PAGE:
Food service workers in Singapore will receive a three-year sustained pay hike under the Progressive Wage Model (PWM), according to an article published by The Online Citizen on 15 February.

The PWM is a policy introduced by the Singapore government to uplift the wages of low-wage workers of specific industries and improve their job prospects — in place of across the board minimum wage model.

Starting on 1 March, the minimum gross wages of quick-service workers will be raised to S$1,750, while full-service workers will earn at least $1,850 monthly.

The baseline gross wages of both quick-service and full-service workers will be increased by a fixed amount of S$165 annually from 1 March 2024, and again from 1 March 2025. This move will benefit an estimated 41,000 food service workers in the country.

To provide some context, the median gross wage of waiters in Singapore was S$1,400 in June 2021, according to data from the Ministry of Manpower.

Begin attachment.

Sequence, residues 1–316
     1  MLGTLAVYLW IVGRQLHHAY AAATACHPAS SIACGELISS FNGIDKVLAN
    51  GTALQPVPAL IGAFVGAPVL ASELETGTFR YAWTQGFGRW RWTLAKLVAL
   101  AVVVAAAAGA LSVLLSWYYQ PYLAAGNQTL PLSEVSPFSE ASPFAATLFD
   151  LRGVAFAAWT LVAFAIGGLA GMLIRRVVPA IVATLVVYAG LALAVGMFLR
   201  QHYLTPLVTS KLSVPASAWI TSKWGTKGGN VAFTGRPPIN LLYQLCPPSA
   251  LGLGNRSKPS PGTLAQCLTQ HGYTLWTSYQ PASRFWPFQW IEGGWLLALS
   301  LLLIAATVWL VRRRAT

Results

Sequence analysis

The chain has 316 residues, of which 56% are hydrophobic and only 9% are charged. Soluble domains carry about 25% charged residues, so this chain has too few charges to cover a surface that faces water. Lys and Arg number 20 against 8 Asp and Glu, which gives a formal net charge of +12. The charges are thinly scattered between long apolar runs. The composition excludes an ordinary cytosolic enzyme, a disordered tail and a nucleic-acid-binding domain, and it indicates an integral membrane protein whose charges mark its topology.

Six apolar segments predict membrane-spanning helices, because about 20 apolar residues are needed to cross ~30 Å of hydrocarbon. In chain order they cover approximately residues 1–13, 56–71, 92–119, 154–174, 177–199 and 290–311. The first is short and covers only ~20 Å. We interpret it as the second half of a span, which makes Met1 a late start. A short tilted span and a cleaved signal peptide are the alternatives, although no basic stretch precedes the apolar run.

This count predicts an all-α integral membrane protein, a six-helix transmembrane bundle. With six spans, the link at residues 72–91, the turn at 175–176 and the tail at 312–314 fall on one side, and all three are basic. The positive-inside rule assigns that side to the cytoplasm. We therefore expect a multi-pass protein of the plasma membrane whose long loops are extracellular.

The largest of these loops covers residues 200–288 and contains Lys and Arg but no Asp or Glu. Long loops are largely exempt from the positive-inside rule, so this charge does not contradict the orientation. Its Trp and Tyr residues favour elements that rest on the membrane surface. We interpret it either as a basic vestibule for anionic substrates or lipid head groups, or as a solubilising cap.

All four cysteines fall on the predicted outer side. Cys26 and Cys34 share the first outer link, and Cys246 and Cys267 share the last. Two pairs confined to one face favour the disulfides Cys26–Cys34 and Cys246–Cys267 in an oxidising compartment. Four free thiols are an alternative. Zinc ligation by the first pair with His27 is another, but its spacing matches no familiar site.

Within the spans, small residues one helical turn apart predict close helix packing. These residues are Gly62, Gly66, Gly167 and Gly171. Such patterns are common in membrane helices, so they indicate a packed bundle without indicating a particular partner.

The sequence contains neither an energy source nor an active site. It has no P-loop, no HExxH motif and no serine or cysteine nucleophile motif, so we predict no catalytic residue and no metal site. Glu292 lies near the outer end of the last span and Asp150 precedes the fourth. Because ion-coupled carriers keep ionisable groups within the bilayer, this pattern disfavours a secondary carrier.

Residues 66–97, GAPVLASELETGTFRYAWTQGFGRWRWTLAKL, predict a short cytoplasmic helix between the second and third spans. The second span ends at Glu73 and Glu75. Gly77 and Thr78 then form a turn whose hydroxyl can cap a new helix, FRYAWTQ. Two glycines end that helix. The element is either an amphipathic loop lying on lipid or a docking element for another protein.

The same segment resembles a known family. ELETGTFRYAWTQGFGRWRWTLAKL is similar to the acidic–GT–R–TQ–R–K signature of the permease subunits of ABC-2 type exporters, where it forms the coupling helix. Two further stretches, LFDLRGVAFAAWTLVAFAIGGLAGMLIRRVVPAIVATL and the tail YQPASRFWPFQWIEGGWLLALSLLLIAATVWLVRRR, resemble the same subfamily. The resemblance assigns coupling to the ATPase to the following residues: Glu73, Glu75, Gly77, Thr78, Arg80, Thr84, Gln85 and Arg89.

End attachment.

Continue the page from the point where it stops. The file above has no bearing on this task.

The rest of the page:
The median gross wage of service and sales workers in June 2001 was S$1,508. The data suggest that the wages of these workers may have decreased by about 7.2 per cent in the last 21 years.

However, since inflation was about 35.5 per cent during the same period, the real decrease was only about a negative -1.8 per cent per annum from June 2001 to June 2021.

But even with the increase of the minimum gross wage to S$1,750 from 1 March 2023, the increase is about 16.0 per cent in the last 21 years.

Since inflation was about 47.9 per cent from June 2001 to December 2022, the real decrease after the implementation of the PWM from 1 March 2023 will be about a negative -1.2 per cent per annum in the 21 years or so.

The implementation of the PWM is a positive step towards uplifting the wages of low-wage workers in Singapore. However, further efforts may be required to bridge the gap between the minimum wage and the median wage and ensure a fair and just wage for all workers in the country.

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